The head of the German Central Bank rejected calls by the European Central Bank to use its bond buying forces to combat climate change, which could lead to a possible conflict with other political decision-makers such as ECB President Christine Lagarde.
Jens Weidmann, President of the Bundesbank, wrote in the Financial Times that “it is not up to us to correct market distortions and policies or omissions,” adding that “the market price of carbon” is an issue that is being dealt with Governments – not central banks.
The question of whether the ECB should use its EUR 3.5 billion bond purchase program to tackle the mispricing of climate risk has emerged as one of the most controversial areas in the central bank’s review of its own strategy.
Ms Lagarde and other senior ECB officials recently stated that the central bank should consider abandoning a key principle of buying corporate bonds in order to offset the undervaluation of environmental risk in financial markets.
Since the ECB started buying corporate bonds in 2016, it has adhered to the principle of “market neutrality”, which aims to avoid distorting the relative pricing of securities by buying them only in proportion to the overall eligible market.
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Environmental activists accuse the ECB of biasing the market in favor of heavy carbon emitters such as oil and gas companies, utilities and airlines, as these sectors emit more bonds than most.
Ms. Lagarde said in a speech last month: “Given the problems I have described as market failures, we must ask ourselves whether market neutrality should be the very principle that drives our monetary portfolio management.”
The ECB President urged central bankers to wonder if they are taking undue risk by trusting the markets to correctly assess environmental issues.
Isabel Schnabel, board member of the ECB, went a step further in a recent speech, highlighting the possibility of excluding “certain bonds” from asset purchases by the central bank in order to avoid funding projects that conflict with the EU’s goal to be climate neutral by 2050.
However, Mr. Weidmann defended the principle of market neutrality and said: “It is not the job of the Eurosystem to penalize or promote certain industries.”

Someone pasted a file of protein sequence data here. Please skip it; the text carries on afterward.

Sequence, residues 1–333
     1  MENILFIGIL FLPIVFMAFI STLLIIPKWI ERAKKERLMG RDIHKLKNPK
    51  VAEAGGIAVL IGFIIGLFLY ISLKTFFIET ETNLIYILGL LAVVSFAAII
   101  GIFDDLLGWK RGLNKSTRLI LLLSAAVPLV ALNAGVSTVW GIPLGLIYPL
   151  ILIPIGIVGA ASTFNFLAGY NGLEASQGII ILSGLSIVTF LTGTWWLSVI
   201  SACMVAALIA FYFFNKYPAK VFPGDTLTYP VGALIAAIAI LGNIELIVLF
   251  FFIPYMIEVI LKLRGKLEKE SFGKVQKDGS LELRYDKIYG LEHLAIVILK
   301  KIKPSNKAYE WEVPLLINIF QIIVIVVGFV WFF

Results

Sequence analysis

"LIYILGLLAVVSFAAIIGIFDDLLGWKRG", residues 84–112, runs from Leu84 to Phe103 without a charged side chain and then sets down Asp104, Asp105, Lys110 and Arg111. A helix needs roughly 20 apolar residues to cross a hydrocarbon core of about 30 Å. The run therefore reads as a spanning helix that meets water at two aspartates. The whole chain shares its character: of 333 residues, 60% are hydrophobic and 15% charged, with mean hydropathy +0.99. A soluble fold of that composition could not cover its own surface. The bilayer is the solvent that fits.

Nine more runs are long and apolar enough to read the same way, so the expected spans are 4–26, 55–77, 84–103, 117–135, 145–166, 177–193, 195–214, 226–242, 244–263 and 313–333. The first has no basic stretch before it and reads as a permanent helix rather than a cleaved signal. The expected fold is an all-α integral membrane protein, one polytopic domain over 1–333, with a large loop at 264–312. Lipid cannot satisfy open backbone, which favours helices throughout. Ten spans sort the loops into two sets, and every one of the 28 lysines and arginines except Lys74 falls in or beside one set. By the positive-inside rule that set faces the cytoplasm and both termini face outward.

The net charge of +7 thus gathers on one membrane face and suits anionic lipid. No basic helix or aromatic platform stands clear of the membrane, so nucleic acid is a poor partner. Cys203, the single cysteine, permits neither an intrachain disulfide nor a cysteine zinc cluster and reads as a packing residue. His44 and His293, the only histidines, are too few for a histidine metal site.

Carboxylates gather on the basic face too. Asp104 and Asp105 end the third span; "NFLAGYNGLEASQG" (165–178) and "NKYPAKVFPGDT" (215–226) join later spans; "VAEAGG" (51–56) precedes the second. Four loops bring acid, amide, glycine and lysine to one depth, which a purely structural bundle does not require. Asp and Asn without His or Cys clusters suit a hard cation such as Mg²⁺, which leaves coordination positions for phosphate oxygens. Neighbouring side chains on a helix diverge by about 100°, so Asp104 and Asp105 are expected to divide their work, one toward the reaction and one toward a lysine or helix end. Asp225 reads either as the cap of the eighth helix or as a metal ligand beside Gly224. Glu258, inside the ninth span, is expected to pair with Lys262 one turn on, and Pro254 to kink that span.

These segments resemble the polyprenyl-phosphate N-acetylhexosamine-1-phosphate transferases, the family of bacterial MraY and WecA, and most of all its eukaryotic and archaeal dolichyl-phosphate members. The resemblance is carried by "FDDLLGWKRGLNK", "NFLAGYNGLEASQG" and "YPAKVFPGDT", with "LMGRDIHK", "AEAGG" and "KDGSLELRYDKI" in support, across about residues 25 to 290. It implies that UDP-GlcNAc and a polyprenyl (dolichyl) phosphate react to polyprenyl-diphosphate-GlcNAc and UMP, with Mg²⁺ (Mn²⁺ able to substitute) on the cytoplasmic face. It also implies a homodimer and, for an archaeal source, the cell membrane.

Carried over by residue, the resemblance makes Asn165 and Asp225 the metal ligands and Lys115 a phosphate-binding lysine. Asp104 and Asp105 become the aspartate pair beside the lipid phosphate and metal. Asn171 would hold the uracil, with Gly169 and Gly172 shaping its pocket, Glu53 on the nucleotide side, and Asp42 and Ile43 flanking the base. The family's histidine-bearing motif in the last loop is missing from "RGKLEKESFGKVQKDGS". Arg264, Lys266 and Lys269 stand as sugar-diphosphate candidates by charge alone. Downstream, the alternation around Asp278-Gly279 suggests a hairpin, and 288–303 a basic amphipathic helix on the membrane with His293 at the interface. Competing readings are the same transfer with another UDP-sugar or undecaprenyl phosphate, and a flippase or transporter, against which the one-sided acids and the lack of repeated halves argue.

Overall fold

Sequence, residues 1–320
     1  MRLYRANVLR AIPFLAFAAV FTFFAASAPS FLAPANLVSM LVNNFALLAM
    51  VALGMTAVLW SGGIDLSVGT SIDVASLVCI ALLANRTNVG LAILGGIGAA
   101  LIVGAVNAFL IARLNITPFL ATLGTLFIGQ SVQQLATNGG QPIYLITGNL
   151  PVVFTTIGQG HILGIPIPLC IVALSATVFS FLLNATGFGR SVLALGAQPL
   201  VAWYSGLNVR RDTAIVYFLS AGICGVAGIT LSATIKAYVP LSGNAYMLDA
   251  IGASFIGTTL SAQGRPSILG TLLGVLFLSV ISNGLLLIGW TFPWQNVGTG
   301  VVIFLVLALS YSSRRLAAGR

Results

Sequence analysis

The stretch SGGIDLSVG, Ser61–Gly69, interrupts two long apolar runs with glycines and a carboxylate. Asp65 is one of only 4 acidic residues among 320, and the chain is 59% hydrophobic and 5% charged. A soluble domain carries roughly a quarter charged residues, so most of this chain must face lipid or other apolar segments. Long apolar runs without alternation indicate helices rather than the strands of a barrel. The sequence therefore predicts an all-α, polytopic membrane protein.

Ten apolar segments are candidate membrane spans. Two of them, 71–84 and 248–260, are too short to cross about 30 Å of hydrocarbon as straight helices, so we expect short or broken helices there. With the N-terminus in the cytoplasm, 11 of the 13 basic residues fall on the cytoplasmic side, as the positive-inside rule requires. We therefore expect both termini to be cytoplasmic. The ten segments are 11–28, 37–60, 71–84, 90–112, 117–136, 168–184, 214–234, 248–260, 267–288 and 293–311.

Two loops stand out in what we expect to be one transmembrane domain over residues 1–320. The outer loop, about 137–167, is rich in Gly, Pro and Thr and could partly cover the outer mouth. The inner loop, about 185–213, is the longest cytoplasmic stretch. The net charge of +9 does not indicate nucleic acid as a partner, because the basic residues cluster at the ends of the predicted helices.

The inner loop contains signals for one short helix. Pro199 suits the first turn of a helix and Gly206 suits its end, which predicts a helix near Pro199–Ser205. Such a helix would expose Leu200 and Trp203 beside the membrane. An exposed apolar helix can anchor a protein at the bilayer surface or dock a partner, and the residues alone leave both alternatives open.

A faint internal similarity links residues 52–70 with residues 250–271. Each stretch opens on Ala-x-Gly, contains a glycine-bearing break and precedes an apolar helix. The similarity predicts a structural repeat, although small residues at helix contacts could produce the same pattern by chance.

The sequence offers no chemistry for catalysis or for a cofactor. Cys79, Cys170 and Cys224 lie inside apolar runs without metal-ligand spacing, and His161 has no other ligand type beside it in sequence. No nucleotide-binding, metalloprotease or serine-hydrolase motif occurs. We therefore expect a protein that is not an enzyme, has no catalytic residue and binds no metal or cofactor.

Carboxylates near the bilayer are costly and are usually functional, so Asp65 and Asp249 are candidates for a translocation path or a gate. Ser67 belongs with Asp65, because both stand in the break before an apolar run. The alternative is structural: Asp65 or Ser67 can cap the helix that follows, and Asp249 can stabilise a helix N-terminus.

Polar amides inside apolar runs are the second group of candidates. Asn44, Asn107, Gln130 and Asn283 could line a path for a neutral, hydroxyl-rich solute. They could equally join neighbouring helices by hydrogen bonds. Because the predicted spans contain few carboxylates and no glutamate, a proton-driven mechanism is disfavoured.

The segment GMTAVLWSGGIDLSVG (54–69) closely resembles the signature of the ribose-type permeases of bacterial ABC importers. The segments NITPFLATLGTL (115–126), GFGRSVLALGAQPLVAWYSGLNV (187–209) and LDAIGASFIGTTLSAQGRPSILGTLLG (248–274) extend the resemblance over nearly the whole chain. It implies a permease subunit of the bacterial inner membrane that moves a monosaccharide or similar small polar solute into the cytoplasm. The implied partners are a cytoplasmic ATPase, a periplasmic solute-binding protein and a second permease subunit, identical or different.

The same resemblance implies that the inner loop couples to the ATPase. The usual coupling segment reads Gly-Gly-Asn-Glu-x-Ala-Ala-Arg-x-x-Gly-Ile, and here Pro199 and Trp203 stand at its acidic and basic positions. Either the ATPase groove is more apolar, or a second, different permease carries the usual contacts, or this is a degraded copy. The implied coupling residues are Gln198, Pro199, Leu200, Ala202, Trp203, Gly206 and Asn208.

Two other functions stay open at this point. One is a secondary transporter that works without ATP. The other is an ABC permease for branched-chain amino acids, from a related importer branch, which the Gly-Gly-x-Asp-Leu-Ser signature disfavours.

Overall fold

“Asset purchase programs are part of our expansionary monetary policy. To be effective, they have to be broadly based, ”he said, adding,“ The principle of ‘market neutrality’ is intended to ensure this and prevent us from distorting market outcomes. “
Central bank insiders argued that the position of Mr. Weidmann, who is one of the longest-serving members of the main decision-making body of the ECB, was not too analogous to that of Ms. Lagarde.
They noted that the ECB President has not yet said whether she believes the principle of market neutrality should be overridden and that no decision has been taken in the strategy review due to be completed next year be.
Environmentalists argue that the ECB should stop buying bonds from the heaviest carbon emitters and sell those it already has in its € 243 billion corporate bond portfolio. “This has always been the front line of the debate,” said Adam Pawloff of Greenpeace.
Research released last month by Greenpeace and the UK-based think tank New Economics Foundation found that 63 percent of corporate bonds held by the ECB came from companies in high carbon sectors, although those sectors accounted for less than 20 percent of jobs and 30 percent of production in the euro zone.
Mr. Weidmann wrote in his FT article that climate change is “one of the greatest and most urgent challenges of our time” and that central banks should reduce their own carbon footprint, consider the impact of climate risks on monetary policy and examine whether banks should take them on consider.
He also said that the ECB “should only consider buying securities or accepting them as collateral for monetary policy purposes if their issuers meet certain climate-related reporting requirements” and possibly only use ratings that include climate risks.